The Africa Center Newsroom

The Refugee Center Online is looking for refugee and immigrant authors to write Refugee Voices articles on a variety of topics. $40-$50 for each article. Learn more here!

Photo credit: Refugee Center Online


Why blaming ivory poaching on Boko Haram isn’t helpful

In 2016, as part of a ceremony in Cameroon’s capital Yaoundé, 2,000 elephant tusks were burned to demonstrate the country’s commitment to fight poaching and illegal trade in wildlife. US Ambassador to the United Nations Samantha Power gave a speech at the event linking poaching to terrorism. 

The idea that terror groups like Boko Haram fund their activities through ivory poaching in Africa is a simple and compelling narrative. It has been adopted by governments, NGOs and media alike. But it is undermining wildlife conservation and human rights.

From the Source and authored by .

new study led by Colorado State University analyzed the social interaction patterns of juvenile female elephants and found that orphans have less access to mature, dominant individuals than non-orphaned elephants, whose primary social partners are their mothers and aunts.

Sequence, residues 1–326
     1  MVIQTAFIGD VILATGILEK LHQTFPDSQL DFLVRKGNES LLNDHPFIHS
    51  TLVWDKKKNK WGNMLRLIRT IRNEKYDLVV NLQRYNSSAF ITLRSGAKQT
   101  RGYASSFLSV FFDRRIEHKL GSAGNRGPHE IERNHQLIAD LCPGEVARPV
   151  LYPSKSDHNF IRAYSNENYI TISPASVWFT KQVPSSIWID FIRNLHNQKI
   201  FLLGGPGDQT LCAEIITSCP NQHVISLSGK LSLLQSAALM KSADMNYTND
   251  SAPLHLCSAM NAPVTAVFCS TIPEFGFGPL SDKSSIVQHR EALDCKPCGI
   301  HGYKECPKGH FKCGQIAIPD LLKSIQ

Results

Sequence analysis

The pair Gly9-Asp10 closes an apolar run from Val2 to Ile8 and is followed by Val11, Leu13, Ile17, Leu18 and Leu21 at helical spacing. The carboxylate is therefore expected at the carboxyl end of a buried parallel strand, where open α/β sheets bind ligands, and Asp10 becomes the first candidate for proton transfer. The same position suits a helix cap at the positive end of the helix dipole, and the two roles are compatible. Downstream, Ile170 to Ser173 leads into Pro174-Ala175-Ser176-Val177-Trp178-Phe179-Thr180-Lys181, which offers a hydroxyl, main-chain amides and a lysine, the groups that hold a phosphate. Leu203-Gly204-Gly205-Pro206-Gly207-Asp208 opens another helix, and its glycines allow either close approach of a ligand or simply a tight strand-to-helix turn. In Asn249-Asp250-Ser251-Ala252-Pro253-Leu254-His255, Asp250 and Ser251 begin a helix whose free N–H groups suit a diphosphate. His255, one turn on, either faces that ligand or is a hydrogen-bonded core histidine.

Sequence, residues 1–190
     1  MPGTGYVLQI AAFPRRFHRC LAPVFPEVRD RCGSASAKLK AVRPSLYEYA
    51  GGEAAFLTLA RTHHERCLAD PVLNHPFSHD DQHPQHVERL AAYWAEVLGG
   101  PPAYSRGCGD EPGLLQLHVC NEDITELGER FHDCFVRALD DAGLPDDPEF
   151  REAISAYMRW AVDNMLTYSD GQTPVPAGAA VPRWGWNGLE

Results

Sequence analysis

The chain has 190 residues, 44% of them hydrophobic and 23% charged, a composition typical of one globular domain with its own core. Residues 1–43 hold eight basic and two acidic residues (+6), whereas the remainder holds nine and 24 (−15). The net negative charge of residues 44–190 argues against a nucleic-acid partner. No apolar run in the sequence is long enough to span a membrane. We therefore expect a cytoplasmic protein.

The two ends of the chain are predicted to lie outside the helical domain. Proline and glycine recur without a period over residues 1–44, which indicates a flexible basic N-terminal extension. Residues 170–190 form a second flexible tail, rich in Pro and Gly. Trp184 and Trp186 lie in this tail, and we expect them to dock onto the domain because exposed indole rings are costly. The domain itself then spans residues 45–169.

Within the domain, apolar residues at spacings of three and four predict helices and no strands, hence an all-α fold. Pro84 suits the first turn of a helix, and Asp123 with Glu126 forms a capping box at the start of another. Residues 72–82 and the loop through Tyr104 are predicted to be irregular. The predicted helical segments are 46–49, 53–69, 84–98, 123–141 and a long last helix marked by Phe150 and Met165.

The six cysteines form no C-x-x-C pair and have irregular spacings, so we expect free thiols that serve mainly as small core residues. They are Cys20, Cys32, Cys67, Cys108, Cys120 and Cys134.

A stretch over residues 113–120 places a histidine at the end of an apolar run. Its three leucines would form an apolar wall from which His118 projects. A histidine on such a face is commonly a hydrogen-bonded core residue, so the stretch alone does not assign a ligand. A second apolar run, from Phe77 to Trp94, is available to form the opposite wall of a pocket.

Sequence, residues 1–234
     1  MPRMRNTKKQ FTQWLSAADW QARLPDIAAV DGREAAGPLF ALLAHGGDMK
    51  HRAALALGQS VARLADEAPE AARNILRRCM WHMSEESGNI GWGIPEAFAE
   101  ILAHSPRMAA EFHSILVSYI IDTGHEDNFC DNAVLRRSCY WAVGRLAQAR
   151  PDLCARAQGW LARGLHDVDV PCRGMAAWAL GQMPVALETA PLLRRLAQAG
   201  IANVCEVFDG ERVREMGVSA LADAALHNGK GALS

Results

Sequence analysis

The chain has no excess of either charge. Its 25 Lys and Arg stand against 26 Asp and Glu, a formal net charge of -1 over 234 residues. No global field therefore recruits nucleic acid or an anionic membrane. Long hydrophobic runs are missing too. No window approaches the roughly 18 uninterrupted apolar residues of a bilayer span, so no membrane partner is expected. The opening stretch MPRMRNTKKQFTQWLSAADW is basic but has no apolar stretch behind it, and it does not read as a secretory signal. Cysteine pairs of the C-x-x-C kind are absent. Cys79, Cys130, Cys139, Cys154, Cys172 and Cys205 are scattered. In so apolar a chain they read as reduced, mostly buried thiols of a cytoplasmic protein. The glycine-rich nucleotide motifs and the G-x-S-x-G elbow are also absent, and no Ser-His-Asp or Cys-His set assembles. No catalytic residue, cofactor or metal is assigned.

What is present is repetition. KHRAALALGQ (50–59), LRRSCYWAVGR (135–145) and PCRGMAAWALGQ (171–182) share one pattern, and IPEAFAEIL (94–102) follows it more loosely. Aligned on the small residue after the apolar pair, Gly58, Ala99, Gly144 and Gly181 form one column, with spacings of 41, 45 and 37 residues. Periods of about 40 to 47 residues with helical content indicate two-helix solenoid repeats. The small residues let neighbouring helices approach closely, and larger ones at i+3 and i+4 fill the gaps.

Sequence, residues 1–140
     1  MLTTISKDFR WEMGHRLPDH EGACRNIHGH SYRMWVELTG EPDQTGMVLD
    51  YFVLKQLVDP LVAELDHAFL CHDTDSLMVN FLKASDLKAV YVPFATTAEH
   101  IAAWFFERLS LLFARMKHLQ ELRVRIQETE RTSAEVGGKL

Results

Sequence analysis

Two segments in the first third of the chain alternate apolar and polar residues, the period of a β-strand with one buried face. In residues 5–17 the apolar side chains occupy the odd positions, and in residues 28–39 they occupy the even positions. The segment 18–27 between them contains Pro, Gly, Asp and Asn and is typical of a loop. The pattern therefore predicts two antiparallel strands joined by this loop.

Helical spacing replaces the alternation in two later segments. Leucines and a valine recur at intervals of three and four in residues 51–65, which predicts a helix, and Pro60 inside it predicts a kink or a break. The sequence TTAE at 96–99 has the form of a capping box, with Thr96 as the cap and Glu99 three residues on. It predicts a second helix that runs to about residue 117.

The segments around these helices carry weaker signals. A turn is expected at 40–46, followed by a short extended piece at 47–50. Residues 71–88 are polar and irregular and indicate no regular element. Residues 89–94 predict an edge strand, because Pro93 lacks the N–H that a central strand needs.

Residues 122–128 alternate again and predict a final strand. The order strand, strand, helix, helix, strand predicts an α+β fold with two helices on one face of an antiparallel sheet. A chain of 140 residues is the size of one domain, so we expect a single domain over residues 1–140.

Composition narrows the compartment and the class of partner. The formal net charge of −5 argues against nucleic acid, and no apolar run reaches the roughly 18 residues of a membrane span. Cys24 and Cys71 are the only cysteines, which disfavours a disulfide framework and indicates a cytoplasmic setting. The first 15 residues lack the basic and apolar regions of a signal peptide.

Orphan elephants have less access to mature, dominant individuals than non-orphaned elephants. Photo: Shifra Goldenberg/Save the Elephants, CSU

This investment will contribute to ENGIE’s goal of providing 20 million people around the world with access to decarbonized, decentralized energy by 2020, using the latest digital technologies

The Congo Basin forest is the second largest rainforest in the world. More than 75 million people and a wide range of endangered species depend on it for survival.

The African Wildlife Foundation (AWF) is seeking a charismatic leader with global experience and perspective who demonstrates a personal and authentic passion for the AWF mission.

To learn more about the position click here.

We recommend the article, 'Save the Dung Beetle!' Global Science Chief Says Biodiversity Vital, by REUTERS and published by the NT Times.  

Photo credit: The New York Times

Did you know, 'There’s a strong chance that one-third of all people will be African by 2100'? Read more in this article by  that was published in The Conversation.

Photo: Population of Africa since 1900 and projections up to 2100. Gilles Pison (based on UN data)

We recommend this article by Michael Marshall, published in The Conversation: 'Technique developed in Kenya offers a refined way to map tree cover'

"Scientists at the World Agroforestry Centre in Nairobi, Kenya, recently pioneered a new approach which uses satellite images and maps to show patterns linked to land use and cover change on a yearly basis. Though the technique was developed in Kenya, it can be used regionally and potentially across the world" (Marshall, para. 1, 2017).

Photo credit: NASA

Read the article, 'Kenya adjusts to life without plastic bags', published by Treehugger to learn how Kenya has enacted the strickest ban on plastic bags.

Photo credit: